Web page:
Have sympathy for stressed surgeons; weighing prostate screening tests

March 11, 2013
Surgeons are stressed!

Your article “Rage in the OR” [March 5] was good, but it did not adequately address the surgeons’ side of the story.

I’ve been a general surgeon for 17 years. Surgeons are under tremendous pressure from a million places, which can lead to stress in the OR. Almost nothing is being done to ameliorate this.

Jonathan Grife, MD, Frederick

Facing prostate cancer

I enjoyed “Doctors said remove the prostate. He wasn’t so sure” [Feb. 26] .

However, the story says that the United States Preventive Services Task Force (USPSTF) reversed its previous position. A reversal implies that the group previously recommended or endorsed PSA screening, which it did not. Instead, the USPSTF changed its position from “insufficient evidence to assess the balance of benefits and harms of the service” to “recommend against,” based on more data that had become available on the risks and benefits of PSA screening.


Front cover of Washington Post Health and Science, February 26, 2013. (The Washington Post)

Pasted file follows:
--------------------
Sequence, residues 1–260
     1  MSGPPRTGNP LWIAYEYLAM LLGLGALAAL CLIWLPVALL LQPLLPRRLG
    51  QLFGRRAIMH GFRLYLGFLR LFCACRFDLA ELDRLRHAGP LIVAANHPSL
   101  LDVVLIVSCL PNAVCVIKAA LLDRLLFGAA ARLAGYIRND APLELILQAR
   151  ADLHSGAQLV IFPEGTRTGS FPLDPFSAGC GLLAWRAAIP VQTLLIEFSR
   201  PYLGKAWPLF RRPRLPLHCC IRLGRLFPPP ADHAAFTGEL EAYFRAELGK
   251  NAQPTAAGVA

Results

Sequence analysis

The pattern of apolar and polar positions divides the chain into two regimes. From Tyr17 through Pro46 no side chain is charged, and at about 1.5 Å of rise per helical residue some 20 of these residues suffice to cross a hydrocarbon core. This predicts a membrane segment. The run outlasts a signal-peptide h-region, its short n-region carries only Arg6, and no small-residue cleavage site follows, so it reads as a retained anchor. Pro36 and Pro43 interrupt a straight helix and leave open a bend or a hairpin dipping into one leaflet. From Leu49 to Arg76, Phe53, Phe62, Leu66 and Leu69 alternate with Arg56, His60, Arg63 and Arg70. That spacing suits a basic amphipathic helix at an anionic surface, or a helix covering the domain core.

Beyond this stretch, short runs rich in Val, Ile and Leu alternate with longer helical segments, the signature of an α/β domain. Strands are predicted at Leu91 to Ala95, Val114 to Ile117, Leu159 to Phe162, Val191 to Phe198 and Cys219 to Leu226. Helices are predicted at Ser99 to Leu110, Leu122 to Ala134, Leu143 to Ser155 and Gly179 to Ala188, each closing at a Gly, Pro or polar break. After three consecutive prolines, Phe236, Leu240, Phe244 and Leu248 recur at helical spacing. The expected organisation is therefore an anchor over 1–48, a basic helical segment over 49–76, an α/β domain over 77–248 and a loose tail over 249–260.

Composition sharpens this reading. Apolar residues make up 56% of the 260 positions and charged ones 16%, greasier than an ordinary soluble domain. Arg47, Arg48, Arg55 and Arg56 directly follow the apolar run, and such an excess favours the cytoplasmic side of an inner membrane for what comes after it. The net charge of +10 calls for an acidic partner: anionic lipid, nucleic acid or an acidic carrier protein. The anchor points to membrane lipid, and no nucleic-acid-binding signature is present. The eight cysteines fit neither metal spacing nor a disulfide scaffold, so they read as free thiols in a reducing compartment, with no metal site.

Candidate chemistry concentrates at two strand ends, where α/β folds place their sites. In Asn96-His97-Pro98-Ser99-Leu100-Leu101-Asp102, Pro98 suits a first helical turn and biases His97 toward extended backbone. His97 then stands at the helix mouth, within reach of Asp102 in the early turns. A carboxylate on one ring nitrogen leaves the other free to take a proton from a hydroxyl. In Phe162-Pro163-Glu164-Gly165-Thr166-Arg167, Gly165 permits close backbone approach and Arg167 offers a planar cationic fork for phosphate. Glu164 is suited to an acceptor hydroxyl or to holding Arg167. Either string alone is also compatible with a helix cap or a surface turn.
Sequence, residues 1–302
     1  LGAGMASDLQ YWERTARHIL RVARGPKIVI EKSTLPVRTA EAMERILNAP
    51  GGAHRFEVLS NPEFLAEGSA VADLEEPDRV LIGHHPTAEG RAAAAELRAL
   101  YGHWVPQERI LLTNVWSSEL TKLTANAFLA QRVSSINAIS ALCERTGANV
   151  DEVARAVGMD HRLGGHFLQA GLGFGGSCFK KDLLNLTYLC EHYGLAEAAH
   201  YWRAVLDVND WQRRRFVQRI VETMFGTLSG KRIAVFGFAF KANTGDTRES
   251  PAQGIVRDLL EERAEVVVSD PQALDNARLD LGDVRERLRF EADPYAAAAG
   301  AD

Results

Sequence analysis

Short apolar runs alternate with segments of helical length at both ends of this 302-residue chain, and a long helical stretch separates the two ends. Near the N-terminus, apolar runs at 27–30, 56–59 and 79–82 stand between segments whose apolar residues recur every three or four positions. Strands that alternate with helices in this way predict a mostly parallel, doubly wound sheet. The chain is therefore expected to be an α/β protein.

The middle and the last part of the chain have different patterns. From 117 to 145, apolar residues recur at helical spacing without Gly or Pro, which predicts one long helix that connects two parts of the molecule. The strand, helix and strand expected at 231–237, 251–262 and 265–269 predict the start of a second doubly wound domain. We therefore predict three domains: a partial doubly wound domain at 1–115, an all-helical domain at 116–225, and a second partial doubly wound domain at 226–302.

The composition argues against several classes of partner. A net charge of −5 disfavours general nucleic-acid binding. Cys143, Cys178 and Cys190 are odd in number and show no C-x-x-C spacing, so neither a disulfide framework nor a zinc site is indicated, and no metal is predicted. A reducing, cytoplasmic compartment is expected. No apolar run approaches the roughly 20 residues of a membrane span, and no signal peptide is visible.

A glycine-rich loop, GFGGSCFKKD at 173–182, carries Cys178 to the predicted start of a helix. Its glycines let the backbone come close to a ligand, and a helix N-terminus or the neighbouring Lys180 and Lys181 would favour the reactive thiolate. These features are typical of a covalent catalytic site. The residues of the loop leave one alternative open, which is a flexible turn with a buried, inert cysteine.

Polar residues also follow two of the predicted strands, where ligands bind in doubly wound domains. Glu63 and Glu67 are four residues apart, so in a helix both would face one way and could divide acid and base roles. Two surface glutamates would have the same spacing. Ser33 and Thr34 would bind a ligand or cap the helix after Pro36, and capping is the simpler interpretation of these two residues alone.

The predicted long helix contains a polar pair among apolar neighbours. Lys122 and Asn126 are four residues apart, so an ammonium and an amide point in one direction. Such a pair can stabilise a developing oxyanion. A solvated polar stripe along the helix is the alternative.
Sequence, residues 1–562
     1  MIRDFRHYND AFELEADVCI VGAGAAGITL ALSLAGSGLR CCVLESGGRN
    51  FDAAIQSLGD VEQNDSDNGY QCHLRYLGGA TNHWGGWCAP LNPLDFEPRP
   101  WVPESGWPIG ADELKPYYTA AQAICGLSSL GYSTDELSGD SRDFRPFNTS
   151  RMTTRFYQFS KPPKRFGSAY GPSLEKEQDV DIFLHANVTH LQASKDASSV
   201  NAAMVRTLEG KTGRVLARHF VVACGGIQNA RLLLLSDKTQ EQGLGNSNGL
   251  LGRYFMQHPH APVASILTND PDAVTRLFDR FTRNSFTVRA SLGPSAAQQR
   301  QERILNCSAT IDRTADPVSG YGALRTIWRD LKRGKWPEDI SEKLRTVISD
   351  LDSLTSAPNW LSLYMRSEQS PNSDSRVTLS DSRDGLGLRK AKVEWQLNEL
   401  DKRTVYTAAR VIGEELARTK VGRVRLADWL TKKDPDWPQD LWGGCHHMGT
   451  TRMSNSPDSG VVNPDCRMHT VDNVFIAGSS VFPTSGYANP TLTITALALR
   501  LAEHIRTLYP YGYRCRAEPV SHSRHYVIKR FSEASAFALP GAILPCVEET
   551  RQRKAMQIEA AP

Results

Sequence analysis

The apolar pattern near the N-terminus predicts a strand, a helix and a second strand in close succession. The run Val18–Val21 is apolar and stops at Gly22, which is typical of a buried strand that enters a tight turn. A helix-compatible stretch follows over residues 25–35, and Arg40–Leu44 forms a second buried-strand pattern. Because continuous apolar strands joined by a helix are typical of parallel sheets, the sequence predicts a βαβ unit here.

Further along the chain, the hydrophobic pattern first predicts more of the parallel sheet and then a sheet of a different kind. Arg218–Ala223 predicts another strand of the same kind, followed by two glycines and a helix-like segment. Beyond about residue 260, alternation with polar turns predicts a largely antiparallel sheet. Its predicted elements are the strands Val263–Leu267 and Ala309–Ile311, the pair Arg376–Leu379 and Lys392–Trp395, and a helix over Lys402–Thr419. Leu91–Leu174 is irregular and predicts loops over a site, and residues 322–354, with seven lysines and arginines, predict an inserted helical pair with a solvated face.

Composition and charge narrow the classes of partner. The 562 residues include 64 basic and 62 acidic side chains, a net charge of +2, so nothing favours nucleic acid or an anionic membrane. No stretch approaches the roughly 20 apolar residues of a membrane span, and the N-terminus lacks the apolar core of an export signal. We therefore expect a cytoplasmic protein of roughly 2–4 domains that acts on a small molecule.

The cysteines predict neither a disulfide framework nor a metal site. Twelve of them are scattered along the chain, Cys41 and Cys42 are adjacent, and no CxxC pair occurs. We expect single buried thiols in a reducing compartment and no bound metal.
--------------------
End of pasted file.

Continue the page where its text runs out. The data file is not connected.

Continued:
Eduardo Ortiz, MD, Rockville

I am very glad Jim Casell is doing well with “watch and wait” and hope his cancer has stabilized for good. The MRI scan sounds very promising and I hope it will be the answer for sorting out aggressive from slow-growing cancers.

That option was not made available to me five years ago when, at age 60, I was in the identical situation.

My urologist was great at laying out the options (including watchful waiting). However, when I asked him the “ultimate question” — what would you do? — he replied, “It’s cancer. Get rid of it.” He said there was no method to sort out an aggressive from a nonaggressive form. He predicted we would be having the same conversations every six months unless my PSA started to decline. Either the MRI scan wasn’t available or he didn’t know about it.

In any case, I chose brachytherapy, in which radioactive seeds are placed in or near the tumor, based on conversations with several men I knew who had gone that route. Having now talked with other men who had surgery resulting in severe erectile dysfunction and incontinence years out, I am thrilled with my choice, as I have no lingering adverse outcomes. I am also grateful that my urologist, unlike most of his surgical colleagues, actively promoted radiation over surgery.

I guess my message is to thank you for making men aware of the new MRI option. And to men who do choose therapy: Go for the least aggressive and invasive choice when possible. A Gleason score of 6 or 7 doesn’t warrant surgery, robotic, nerve-sparing or otherwise. The long-term side effects are much more severe compared with radiation. Burning tissues isn’t pleasant, but a year so after therapy, many of those choosing radiation can say, “That wasn’t so bad, and I’m cancer-free.”

Jim MacPherson, Washington

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